Sisi approves NGO law over 6 months after it receives Parliament’s approval
 
 

Egypt’s contentious NGO law was approved by President Abdel Fattah al-Sisi and published in the Official Gazette on Monday. The law will go into effect on Tuesday, May 30, over six months after it was approved by Parliament in November 2016.

Prime Minister Sherif Ismail will now have two months to issue the implementing bylaws, and all NGOs or any other entity engaged in social work will have one year from May 30 to register in accordance with the still to be formed National Authority for the Regulation of Non-Governmental Foreign Organizations.

Mohamed Abu Hamed, the deputy of Parliament’s Social Solidarity Committee which drafted the bill, says that Sisi approved the bill as soon as he received it from Parliament. According to the MP, Parliament’s secretary only sent the bill to the president few days ago, as there is nothing in Parliament’s bylaws that obliges the parliamentary secretary to send bills to the president with a certain timeframe.

Abu Hamed asserts that the only obligation is for the president to approve a law within 30 days of receiving it from Parliament. “The president silenced all those who were under false illusions about expected amendments to the law.”

The law, a copy of which Mada Masr has obtained, includes all 89 of the articles that Parliament Speaker Ali Abdel Aal read out during the vote in November, including those that have been criticized for restricting the work of Egypt’s civil society.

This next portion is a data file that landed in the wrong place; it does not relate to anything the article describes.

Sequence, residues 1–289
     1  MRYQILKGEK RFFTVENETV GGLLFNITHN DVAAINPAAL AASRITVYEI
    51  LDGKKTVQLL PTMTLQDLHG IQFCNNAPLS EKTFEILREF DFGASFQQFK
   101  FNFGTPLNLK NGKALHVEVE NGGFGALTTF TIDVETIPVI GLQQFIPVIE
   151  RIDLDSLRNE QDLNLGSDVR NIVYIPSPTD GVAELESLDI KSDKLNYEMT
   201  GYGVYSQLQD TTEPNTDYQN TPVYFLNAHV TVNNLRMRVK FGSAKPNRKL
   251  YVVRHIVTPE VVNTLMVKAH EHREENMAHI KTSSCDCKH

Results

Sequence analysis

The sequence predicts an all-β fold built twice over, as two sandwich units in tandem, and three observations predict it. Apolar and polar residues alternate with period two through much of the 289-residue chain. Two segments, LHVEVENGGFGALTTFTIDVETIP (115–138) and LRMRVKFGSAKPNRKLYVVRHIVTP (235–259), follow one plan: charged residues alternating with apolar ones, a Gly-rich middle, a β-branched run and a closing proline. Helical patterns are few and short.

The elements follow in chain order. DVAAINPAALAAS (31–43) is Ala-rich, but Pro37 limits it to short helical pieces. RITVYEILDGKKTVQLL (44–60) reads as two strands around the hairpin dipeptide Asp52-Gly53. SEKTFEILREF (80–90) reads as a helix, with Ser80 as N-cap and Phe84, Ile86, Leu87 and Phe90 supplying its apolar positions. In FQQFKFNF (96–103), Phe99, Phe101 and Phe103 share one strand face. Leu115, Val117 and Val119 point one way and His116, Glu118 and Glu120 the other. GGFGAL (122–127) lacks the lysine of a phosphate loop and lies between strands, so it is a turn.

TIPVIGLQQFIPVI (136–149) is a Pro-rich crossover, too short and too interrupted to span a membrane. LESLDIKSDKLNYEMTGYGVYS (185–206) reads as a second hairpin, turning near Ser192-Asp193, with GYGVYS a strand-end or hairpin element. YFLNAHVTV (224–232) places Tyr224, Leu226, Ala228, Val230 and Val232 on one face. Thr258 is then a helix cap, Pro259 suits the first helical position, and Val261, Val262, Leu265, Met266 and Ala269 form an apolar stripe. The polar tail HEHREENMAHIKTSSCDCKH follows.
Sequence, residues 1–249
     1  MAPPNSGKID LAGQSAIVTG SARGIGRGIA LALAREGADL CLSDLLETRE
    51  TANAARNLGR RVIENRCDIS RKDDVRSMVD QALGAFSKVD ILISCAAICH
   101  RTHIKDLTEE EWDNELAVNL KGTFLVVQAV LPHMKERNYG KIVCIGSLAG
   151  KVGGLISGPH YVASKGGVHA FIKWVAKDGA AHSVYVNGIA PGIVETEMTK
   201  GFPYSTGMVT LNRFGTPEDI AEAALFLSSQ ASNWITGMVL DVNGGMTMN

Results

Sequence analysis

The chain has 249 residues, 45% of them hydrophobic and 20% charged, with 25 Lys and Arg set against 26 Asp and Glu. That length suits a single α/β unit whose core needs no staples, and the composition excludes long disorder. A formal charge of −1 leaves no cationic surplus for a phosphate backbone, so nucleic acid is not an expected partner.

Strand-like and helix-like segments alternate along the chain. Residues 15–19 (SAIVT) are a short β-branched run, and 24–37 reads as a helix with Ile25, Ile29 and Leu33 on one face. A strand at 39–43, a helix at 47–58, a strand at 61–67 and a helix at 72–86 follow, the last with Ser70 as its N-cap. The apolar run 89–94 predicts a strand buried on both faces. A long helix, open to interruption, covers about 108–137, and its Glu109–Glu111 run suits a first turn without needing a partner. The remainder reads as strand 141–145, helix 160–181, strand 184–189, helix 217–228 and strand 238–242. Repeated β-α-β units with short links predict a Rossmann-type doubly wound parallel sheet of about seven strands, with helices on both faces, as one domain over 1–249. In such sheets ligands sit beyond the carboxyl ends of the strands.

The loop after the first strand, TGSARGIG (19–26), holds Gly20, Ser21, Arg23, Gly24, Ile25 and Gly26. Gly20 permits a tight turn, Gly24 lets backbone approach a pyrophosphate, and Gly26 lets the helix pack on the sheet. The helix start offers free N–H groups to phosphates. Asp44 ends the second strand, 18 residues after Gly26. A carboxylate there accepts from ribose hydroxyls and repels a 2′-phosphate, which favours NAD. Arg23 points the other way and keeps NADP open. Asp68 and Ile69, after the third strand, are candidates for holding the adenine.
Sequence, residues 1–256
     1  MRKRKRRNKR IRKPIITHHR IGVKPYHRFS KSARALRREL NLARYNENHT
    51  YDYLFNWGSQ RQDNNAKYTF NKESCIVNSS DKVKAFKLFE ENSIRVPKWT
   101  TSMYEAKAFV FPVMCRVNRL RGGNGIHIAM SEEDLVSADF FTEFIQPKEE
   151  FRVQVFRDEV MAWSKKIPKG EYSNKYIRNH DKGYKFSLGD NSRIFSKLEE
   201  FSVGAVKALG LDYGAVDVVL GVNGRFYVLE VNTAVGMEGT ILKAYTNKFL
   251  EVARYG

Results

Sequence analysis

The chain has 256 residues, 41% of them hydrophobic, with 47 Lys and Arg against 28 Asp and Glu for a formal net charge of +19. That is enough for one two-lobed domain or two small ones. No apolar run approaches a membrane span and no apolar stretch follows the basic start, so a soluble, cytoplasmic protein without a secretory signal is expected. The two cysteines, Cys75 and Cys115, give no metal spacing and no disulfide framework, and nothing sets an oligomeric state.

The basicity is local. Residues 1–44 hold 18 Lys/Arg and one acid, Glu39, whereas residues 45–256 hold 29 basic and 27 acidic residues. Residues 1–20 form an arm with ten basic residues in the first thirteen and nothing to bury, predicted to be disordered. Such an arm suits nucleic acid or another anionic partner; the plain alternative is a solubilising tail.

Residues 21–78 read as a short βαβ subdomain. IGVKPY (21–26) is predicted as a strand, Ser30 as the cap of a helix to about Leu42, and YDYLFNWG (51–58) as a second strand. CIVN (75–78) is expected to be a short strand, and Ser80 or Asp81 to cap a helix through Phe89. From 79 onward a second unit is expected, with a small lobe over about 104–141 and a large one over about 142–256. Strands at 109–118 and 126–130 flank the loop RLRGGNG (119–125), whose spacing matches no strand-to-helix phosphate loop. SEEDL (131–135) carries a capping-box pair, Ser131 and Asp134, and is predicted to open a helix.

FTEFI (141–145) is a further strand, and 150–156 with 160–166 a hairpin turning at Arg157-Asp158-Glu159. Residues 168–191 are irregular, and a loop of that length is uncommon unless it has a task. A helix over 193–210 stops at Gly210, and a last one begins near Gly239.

Parliamentarian Haitham al-Hariry, a member of 25-30 Coalition, tells Mada Masr that Sisi’s decision to approve what he described as a controversial law was surprising to many MPs, adding that the legislation will harm Egypt’s domestic and international image.

“The law was ‘cooked up’ in four hours and took six months to be approved,” Hariry says, affirming that members of the 25-30 Coalition continue to oppose the law, even after its approval.

The law makes provision for the creation of a new national authority — the National Authority for the Regulation of Non-Governmental Foreign Organizations — whose mandate will extend beyond monitoring foreign organizations to include monitoring all NGOs who receive funding from international sources and verifying that these organizations are spending the money they receive in approved ways. The law also stipulates that the authority must be notified about local funding sources.

The National Authority for the Regulation of Non-Governmental Foreign Organizations is to be formed through presidential decree, will be headed by a full-time president, and will include representatives from the ministries of foreign affairs, defense, justice, interior, international cooperation and social solidarity. The General Intelligence Services, the Central Bank of Egypt and the government’s money laundering unit will also be represented in the organization.

While the previous draft law required an NGO to secure the approval of the authority before accepting any funding, it stipulated that, if the authority fails to respond to the request within 60 days, the request would be considered approved. The law that Sisi approved, however, considers the absence of a response to be equivalent to a rejection.

The penalties outlined in Article 88 for non-compliance with the law range from one to five years in prison, in addition to a fine of between LE50,000 and 1 million. Five year terms can be meted out to those cooperating with foreign organizations and working in civil society without a permit and those conducting or participating in field research or opinion polls in the field of civil society without prior approval.